Saturday, June 3, 2017

James Wood on Flaubert

Having been both impressed and disappointed by James Wood's How Fiction Works--impressed by his lucid exposition of some literary fundamentals, disappointed by his uncritical acceptance of them--it was a pleasant surprise to encounter his article in The New Republic, "How Flaubert Changed Literature Forever," from the opening line forward. In his 2008 book he begins his discussion of Flaubert's establishment of "modern realist narration" with the following sentence:
Novelists should thank Flaubert the way poets thank spring: it all begins again with him.
In his more recent article, however, he begins thusly:
It is hard not to resent Flaubert for making fictional prose stylish--for making style a problem for the first time in fiction.
From there he goes on to a lengthy consideration of how much of a cage that style of narration is, with its stress on the concrete, visual detail, and how in the resultant "obsession with the way of seeing," the "flattering of the seen over the unseen, the external over the interior," all of "the important things disappear," and those who abided by the rule ran the risk of very elegantly telling a story about--nothing at all.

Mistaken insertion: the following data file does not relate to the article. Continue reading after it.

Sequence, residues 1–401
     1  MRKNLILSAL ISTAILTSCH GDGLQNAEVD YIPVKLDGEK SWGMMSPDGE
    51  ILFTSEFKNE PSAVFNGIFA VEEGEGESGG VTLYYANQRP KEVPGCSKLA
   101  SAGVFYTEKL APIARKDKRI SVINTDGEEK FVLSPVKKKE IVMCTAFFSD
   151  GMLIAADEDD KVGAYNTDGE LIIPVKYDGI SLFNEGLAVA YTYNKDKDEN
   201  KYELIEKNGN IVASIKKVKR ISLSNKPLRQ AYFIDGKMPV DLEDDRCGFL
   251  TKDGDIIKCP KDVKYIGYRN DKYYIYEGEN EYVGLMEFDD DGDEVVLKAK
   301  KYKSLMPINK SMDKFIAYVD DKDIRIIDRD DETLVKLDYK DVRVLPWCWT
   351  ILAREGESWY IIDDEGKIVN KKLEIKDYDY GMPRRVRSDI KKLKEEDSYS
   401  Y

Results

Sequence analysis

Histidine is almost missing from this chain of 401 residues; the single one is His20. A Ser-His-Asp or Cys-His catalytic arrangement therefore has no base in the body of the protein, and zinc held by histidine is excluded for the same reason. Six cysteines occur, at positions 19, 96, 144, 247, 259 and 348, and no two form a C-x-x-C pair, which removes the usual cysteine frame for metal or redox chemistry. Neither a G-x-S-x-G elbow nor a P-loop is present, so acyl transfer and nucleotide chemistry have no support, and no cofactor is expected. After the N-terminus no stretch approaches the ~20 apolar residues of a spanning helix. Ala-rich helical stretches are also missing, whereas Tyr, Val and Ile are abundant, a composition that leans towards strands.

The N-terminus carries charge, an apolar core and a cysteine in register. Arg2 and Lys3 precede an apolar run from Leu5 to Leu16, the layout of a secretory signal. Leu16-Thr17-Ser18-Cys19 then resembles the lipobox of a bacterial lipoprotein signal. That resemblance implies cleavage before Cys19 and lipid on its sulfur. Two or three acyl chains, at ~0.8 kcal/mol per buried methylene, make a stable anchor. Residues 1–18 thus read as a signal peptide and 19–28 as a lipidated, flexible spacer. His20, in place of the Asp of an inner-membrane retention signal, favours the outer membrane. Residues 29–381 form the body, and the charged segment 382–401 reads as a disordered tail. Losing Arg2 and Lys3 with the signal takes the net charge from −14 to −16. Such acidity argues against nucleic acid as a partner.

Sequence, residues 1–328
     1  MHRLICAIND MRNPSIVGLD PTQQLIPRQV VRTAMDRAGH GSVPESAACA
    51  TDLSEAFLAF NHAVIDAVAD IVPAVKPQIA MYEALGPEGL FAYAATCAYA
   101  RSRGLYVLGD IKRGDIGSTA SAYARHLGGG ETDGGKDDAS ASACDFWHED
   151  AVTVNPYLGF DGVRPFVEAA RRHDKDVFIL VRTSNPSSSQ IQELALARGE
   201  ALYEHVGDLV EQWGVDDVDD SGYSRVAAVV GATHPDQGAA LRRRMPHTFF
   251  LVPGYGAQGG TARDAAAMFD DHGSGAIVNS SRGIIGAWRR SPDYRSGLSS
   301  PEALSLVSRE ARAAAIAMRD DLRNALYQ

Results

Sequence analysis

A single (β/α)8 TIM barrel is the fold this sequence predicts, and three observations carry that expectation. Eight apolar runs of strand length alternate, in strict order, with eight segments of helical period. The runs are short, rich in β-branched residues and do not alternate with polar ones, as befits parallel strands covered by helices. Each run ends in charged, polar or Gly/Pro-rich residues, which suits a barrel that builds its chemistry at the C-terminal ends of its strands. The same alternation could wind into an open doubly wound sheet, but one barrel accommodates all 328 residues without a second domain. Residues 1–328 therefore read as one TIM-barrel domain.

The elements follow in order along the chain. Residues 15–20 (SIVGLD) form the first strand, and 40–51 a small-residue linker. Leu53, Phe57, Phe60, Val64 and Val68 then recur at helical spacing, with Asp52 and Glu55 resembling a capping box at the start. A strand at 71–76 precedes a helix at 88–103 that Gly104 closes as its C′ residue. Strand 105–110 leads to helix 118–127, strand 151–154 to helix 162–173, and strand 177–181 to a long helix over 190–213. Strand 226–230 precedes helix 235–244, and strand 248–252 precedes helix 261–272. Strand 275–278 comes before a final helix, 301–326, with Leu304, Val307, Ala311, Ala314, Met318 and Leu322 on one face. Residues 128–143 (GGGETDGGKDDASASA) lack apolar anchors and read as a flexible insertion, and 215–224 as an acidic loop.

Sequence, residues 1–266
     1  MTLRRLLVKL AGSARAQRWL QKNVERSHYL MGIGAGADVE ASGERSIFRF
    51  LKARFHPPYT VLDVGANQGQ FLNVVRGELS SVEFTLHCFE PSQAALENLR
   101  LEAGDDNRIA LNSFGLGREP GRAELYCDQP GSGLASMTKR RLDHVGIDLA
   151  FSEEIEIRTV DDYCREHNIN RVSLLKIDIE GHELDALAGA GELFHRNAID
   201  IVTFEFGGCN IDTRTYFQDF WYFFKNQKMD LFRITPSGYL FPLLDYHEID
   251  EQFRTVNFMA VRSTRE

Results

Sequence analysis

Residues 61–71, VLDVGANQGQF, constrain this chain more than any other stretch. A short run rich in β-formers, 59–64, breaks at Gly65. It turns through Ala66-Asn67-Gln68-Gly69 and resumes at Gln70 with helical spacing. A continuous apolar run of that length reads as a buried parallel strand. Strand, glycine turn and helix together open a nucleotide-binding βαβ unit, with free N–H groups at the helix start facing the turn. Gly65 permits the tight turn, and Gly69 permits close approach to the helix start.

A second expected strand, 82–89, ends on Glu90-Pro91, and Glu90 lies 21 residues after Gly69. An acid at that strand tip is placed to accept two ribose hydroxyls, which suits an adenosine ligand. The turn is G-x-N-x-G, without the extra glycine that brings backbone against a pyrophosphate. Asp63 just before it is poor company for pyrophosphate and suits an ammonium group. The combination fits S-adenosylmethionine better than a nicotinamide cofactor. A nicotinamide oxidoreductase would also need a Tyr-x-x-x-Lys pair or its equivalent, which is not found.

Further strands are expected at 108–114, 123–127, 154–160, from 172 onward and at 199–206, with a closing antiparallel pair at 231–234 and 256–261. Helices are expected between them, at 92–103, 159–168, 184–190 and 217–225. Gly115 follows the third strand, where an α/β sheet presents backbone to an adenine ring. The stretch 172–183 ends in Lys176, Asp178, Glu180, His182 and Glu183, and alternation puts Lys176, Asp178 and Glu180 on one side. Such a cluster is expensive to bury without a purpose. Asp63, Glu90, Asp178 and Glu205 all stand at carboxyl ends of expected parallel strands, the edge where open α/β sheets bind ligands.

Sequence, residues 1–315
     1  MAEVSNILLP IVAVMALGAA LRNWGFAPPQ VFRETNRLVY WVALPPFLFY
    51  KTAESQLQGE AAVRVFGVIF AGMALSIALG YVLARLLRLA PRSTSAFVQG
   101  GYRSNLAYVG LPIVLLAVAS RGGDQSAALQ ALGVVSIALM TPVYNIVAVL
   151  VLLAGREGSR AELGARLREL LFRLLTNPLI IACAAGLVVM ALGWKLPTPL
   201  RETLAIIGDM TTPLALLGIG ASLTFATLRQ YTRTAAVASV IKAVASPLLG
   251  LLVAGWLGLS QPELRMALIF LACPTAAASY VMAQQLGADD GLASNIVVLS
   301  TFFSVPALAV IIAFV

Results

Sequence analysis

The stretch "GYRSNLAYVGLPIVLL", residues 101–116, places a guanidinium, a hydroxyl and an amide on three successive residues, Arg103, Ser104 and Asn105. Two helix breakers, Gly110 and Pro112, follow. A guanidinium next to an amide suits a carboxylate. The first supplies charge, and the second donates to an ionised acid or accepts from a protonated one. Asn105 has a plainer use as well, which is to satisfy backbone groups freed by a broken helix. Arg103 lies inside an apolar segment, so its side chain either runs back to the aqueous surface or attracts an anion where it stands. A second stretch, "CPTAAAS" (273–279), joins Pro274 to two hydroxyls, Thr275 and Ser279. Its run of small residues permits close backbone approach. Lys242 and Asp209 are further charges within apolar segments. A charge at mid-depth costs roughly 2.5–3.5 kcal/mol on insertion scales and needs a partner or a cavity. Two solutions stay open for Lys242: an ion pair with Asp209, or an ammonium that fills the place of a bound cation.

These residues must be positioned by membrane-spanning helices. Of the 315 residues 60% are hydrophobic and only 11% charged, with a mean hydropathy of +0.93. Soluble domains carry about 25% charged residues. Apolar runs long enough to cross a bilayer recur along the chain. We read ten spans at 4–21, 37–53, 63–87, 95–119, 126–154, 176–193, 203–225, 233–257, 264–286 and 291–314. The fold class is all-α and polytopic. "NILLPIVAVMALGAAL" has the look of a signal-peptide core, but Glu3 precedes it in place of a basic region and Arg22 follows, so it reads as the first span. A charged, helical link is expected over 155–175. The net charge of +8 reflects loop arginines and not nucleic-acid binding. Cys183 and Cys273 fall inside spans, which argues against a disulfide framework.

Of course, much of this has been observed before--some of it by Flaubert himself (who did, at times, step out of the cage Wood describes so well). Virtually all of it was said by H.G. Wells when he thought about the problems posed by the kind of style discussed here in his "Digression on Novels." It might be added, too, that Wood's conclusion is rather less radical than Wells'. Where Wells ultimately chose the important things over the obsession with the way of seeing, chose to try and convey what went on in people's heads over the flattering of exterior detail, Wood closes by reiterating his admiration of the "mysterious" way in which Flaubert ultimately managed to transcend the limits of his technique to tell Bovary's story. Still, Wood's discussion of the matter is a worthy consideration of a problem far too often slighted in our age of television shows about nothing, movies about nothing and, yes, books about nothing.

Tell, Don't Show--Again
Just Out . . . The End of Science Fiction?
Why We Describe Less
On the First Person Point of View
Review: How Fiction Works, by James Wood
H.G. Wells' "Digression on Novels"
Preview Cyberpunk, Steampunk and Wizardry
Reading Literary Classics, Again
My Posts on Literature
Tell, Don't Show

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